More About the Pacific Garbage Patch

June 28th, 2010

Most of us have heard of the large Garbage Patch floating in the ocean, composed of predominantly plastic, but how much do we really know about it? 

For instance, when I heard of a “plastic garbage patch,” I immediately visualized large pieces of plastic: bags, bottles, and so forth.  Of course there are these large pieces of plastic, but in reality, most the patch is made of billions of tiny pieces of plastic, making it almost invisible unless you’re actually in it.  This makes it even worse for the environment than plastic bags and bottles floating in the ocean would be!

The first discovered garbage patch is in the North Pacific Gyre, stuck in swirling currents.  The size is as yet undetermined because the borders of the patch are impossible to see from planes, much less satellites.  It has been estimated that the garbage patch could range anywhere from 250,000 square miles, about the size of Texas, to 6 million square miles. which would mean it covers about 10 percent of the Pacific Ocean.  Scary!  And even scarier: a second garbage patch was recently discovered in the Atlantic.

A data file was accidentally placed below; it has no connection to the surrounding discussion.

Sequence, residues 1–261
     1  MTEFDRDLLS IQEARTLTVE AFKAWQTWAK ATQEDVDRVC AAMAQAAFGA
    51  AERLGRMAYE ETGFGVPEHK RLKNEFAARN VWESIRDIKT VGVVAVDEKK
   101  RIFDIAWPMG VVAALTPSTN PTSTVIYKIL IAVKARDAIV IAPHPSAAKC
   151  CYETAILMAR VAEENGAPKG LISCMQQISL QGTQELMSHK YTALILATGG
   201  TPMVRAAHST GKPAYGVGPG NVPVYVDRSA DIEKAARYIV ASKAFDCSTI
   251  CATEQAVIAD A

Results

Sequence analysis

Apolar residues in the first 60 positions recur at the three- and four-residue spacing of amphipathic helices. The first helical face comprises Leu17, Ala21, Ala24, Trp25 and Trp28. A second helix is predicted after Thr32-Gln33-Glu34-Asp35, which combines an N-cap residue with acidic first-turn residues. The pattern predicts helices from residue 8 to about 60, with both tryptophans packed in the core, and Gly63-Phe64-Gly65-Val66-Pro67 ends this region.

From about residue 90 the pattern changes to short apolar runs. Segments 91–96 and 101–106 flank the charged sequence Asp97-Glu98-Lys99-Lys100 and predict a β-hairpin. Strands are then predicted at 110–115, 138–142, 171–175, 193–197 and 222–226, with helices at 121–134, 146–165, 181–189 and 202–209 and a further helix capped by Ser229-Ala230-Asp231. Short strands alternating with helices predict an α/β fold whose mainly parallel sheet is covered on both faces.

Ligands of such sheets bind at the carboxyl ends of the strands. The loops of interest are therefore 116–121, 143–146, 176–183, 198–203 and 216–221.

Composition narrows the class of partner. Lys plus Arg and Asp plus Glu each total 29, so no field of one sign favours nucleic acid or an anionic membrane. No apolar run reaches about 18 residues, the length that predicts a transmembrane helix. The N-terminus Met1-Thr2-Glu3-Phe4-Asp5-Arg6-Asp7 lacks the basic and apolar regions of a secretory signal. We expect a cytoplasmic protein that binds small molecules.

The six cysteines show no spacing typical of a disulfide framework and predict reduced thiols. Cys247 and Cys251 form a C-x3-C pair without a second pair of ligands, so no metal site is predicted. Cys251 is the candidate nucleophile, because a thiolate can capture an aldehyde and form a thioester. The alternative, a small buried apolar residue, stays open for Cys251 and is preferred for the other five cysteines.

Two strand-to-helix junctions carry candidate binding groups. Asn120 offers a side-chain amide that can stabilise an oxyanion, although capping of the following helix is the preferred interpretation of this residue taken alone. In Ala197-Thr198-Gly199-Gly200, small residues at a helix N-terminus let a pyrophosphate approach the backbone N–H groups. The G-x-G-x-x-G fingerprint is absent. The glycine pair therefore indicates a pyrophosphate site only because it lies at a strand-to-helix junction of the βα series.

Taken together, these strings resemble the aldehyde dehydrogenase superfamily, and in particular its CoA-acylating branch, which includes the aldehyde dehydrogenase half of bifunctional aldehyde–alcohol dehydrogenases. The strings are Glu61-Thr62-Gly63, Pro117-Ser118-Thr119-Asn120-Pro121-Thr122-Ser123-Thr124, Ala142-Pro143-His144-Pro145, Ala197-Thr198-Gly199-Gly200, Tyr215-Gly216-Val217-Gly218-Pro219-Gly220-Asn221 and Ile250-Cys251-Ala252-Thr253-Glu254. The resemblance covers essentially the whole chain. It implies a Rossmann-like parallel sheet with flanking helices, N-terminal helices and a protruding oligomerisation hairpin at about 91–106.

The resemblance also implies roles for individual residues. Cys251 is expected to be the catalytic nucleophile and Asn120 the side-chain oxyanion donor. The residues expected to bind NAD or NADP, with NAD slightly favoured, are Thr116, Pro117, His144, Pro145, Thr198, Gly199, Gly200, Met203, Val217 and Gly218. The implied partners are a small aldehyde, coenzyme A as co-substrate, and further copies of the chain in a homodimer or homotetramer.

So where does all this plastic come from?  People use about 200 billion pounds of plastic every year, 10 percent of which ends up in the ocean.  Thirty percent of this plastic in the ocean is stuck on the surface because of ocean currents which sweep it along to the garbage patch.  An interesting statistic: plastic coming from the east coast of Asia reaches the patch in about a year, plastic coming from the west coast of North America reaches the patch in about five years.

The plastic littered in the ocean is broken down by the sun into ever smaller pieces, but can never be broken down entirely.  This plastic becomes small enough to be ingested by ocean life who mistake it for food.  Through this, plastic enters the food chain, ultimately being ingested by humans as well!  This is especially dangerous because the plastic floating in the ocean absorbs floating chemicals.   Many don’t realize how directly our health is impacted by litter in the ocean!

The plastic in the Pacific Gyre comes mostly from four items: plastic bags, bottle caps, plastic water bottles, and styrofoam.  All the more reason for us to stop our use of these items and turn to sustainable alternatives!

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1 Comment Add your own

  • 1. Petunia GreenBeans  |  April 1st, 2011 at 5:36 pm

    Thanks for spreading the word!! Though it’s floating in April Fool’s goofery, I’ve directed the beans here for the real scoop >

    Rock on!

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